Mr. Marham and other Golkar Party lawmakers who are leading the probe claim the bailout of Bank Century was done without legal authority and without proving a capital injection was needed to stave off a run on other banks. Some politicians have said the bank wasn't eligible for a rescue because its problems stemmed from fraud that led to the bank's near-collapse. One of the bank's former owners, Robert Tantular, was sentenced in September to four years in prison for fraud.
Ms. Sri Mulyani said the bailout was legal.
A former university economics professor and International Monetary Fund senior executive, Ms. Sri Mulyani is respected by many foreign investors for her role in managing Indonesia's economy, which has included efforts to weed out endemic corruption.
She said she believed the probe was an attempt to discredit her by politicians that oppose her reform agenda, notably leaders of the Golkar Party, including Chairman Aburizal Bakrie, a billionaire businessman and former cabinet member in President Susilo Bambang Yudhoyono's first-term administration.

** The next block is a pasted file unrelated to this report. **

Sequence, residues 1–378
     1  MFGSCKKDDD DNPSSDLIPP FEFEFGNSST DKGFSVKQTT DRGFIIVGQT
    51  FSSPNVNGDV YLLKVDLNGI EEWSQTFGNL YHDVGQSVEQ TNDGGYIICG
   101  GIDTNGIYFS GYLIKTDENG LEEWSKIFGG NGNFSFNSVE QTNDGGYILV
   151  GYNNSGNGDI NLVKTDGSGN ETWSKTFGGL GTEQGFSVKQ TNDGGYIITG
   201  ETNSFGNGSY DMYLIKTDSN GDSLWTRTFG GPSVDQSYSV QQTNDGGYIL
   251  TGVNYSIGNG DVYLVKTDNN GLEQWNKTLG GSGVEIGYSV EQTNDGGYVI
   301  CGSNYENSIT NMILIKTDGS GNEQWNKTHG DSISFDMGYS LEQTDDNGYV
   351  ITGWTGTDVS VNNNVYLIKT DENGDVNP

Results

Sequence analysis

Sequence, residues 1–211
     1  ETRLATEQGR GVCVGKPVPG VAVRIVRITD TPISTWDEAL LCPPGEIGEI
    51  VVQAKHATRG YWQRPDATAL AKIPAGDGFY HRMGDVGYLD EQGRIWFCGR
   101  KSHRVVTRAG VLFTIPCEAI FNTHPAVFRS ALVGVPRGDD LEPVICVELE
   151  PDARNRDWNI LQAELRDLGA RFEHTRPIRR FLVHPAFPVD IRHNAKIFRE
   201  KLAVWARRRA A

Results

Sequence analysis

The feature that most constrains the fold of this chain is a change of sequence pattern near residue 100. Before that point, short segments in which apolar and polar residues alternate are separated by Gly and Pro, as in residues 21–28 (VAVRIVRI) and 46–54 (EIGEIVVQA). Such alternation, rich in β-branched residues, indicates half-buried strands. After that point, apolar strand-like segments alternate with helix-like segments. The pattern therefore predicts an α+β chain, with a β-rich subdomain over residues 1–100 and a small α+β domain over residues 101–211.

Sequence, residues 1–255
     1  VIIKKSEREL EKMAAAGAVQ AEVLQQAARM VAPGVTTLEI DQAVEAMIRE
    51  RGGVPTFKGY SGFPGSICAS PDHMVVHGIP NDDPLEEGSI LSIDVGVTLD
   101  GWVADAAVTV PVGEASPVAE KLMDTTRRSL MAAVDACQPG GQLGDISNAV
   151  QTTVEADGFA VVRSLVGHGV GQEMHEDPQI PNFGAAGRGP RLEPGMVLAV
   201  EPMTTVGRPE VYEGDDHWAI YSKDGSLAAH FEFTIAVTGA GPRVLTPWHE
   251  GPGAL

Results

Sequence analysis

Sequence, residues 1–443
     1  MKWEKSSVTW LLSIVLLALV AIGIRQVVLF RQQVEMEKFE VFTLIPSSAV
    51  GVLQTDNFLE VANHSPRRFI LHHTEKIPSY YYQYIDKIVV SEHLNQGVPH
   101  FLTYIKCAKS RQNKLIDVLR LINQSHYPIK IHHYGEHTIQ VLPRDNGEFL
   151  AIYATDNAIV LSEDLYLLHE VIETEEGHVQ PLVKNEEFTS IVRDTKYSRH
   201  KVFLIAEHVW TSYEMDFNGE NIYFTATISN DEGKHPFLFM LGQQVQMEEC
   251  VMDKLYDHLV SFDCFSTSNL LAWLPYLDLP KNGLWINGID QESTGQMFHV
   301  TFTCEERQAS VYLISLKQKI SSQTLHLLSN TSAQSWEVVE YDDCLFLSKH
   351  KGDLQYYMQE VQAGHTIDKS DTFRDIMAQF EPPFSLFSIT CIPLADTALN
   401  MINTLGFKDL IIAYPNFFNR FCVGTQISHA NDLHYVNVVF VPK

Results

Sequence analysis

Ms. Sri Mulyani said tensions between her and Mr. Bakrie date to last year when she opposed the closure of Indonesia's stock exchange amid a run on companies controlled by Mr. Bakrie. Mr. Bakrie, one of whose coal-mining firms accounted for a third of daily turnover on the bourse at the time, ordered the closure, she said.
Mr. Bakrie, through a spokesman, declined to comment on the closure.
The finance ministry also last year imposed a travel ban on a number of coal-mining executives, including some from Mr. Bakrie's companies, after a dispute over the refusal of the companies to pay royalties on the sale of coal to the government.
"Abuizal Bakrie is not happy with me," she said. "I'm not expecting anyone in Golkar will be fair or kind to me" during the probe.
Mr. Bakrie denied there was any problem between himself and Ms. Sri Mulyani.